The persistent weakness in local currencies against the US dollar is likely to limit monetary easing options for Southeast Asian central banks. The strong US dollar, driven by the Federal Reserve's high interest rates, prevents local central banks from cutting rates without risking further currency depreciation. In Q1 2024, Bank Indonesia was even forced to raise rates to arrest the rupiah’s decline.

The ongoing tight monetary policy means that debt servicing and borrowing costs will remain high, likely constraining private consumption. Additionally, many consumers and businesses are continuing to consolidate as they are still recovering from the pandemic and are likely to focus on rebuilding savings or repairing their balance sheets in the short term, the research indicated.

At the same time, governments are also consolidating to offset pandemic-related fiscal payouts by raising taxes and reducing spending. Singapore and Thailand both raised taxes this year, and Indonesia is preparing to do so in 2025. Malaysia is planning to adjust RON95 subsidies that were scheduled in the second half of the year, moving from a blanket policy to a more targeted approach.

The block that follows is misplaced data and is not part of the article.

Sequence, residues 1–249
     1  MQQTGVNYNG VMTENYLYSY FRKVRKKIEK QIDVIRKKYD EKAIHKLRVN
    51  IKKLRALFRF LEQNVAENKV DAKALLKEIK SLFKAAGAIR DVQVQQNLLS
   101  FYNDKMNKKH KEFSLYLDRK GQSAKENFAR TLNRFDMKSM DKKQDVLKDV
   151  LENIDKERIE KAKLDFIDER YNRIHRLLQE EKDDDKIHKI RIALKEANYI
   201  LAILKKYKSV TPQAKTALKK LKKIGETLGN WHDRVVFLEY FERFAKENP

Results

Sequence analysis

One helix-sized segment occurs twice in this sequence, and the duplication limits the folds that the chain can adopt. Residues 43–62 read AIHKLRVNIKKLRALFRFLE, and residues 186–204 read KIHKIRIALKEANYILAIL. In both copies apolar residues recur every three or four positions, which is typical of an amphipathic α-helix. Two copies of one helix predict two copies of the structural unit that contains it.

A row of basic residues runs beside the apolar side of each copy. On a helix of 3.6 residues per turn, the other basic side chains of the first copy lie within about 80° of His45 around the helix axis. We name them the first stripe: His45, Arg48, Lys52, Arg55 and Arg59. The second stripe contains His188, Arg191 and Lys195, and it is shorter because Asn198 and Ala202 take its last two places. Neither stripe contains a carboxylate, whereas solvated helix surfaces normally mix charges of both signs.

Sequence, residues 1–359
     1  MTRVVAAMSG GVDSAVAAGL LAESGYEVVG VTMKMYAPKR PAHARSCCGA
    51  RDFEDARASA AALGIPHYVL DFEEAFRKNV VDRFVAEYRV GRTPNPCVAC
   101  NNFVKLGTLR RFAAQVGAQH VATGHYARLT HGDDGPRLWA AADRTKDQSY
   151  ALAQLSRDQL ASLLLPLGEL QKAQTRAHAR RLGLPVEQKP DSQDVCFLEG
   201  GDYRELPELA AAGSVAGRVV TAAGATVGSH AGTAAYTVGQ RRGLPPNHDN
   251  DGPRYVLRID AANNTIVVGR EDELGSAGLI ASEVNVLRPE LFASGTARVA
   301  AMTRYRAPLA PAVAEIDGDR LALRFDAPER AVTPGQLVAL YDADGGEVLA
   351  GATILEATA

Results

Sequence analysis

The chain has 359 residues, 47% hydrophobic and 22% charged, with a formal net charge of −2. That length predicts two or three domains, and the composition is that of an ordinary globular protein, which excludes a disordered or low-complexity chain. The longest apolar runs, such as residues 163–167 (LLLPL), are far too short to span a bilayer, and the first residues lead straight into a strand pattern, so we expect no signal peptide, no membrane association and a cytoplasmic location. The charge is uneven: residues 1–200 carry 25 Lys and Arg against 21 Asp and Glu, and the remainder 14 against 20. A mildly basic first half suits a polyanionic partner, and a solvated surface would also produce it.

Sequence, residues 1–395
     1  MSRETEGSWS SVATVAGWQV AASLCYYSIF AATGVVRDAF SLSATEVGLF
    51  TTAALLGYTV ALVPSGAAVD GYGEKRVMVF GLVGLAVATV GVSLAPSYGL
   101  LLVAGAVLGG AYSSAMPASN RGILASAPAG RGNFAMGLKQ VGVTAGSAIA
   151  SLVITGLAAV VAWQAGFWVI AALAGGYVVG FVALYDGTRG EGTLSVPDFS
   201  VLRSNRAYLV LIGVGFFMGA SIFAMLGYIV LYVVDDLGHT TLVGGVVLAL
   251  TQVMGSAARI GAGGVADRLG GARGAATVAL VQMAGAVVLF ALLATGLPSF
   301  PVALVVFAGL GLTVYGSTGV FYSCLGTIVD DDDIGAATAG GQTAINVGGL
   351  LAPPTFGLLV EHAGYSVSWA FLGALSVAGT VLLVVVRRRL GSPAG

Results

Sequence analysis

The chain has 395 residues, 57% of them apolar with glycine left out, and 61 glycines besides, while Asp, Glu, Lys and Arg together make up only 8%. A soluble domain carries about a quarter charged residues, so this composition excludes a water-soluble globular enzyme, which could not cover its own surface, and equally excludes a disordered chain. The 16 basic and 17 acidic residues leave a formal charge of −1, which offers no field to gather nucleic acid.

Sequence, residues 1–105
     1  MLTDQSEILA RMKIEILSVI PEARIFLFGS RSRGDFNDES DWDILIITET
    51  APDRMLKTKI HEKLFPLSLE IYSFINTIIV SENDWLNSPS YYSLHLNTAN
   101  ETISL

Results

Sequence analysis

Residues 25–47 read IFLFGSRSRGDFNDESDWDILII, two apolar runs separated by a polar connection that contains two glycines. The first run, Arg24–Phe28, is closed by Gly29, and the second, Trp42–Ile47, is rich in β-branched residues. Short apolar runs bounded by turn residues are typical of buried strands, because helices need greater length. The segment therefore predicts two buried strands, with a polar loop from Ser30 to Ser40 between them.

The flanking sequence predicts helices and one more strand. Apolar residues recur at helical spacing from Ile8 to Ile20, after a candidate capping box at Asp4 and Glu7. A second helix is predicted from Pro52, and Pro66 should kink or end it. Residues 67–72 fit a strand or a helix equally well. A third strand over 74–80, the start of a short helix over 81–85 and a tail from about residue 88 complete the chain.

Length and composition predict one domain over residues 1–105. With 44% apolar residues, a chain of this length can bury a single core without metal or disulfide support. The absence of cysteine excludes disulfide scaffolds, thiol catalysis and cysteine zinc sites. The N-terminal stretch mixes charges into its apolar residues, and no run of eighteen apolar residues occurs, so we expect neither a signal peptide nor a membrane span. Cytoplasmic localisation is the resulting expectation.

There is a glimmer of hope as the US Federal Reserve is expected to cut rates in Q3 2024. This could alleviate pressure on regional currencies, potentially allowing Southeast Asian central banks to ease their monetary policies.

Malaysia: Q1 2024 economic growth buoyed by electronics exports but cautious outlook remains

In Q1 2024, Malaysia experienced a notable economic upturn, with GDP expanding from a revised 2.9% year-on-year in Q4 2023 to a robust 4.2%, coupled with a remarkable 1.4% quarter-on-quarter growth in seasonally adjusted terms, effectively reversing the 1.0% contraction observed in the previous quarter. This positive momentum, however, faces challenges in sustainability.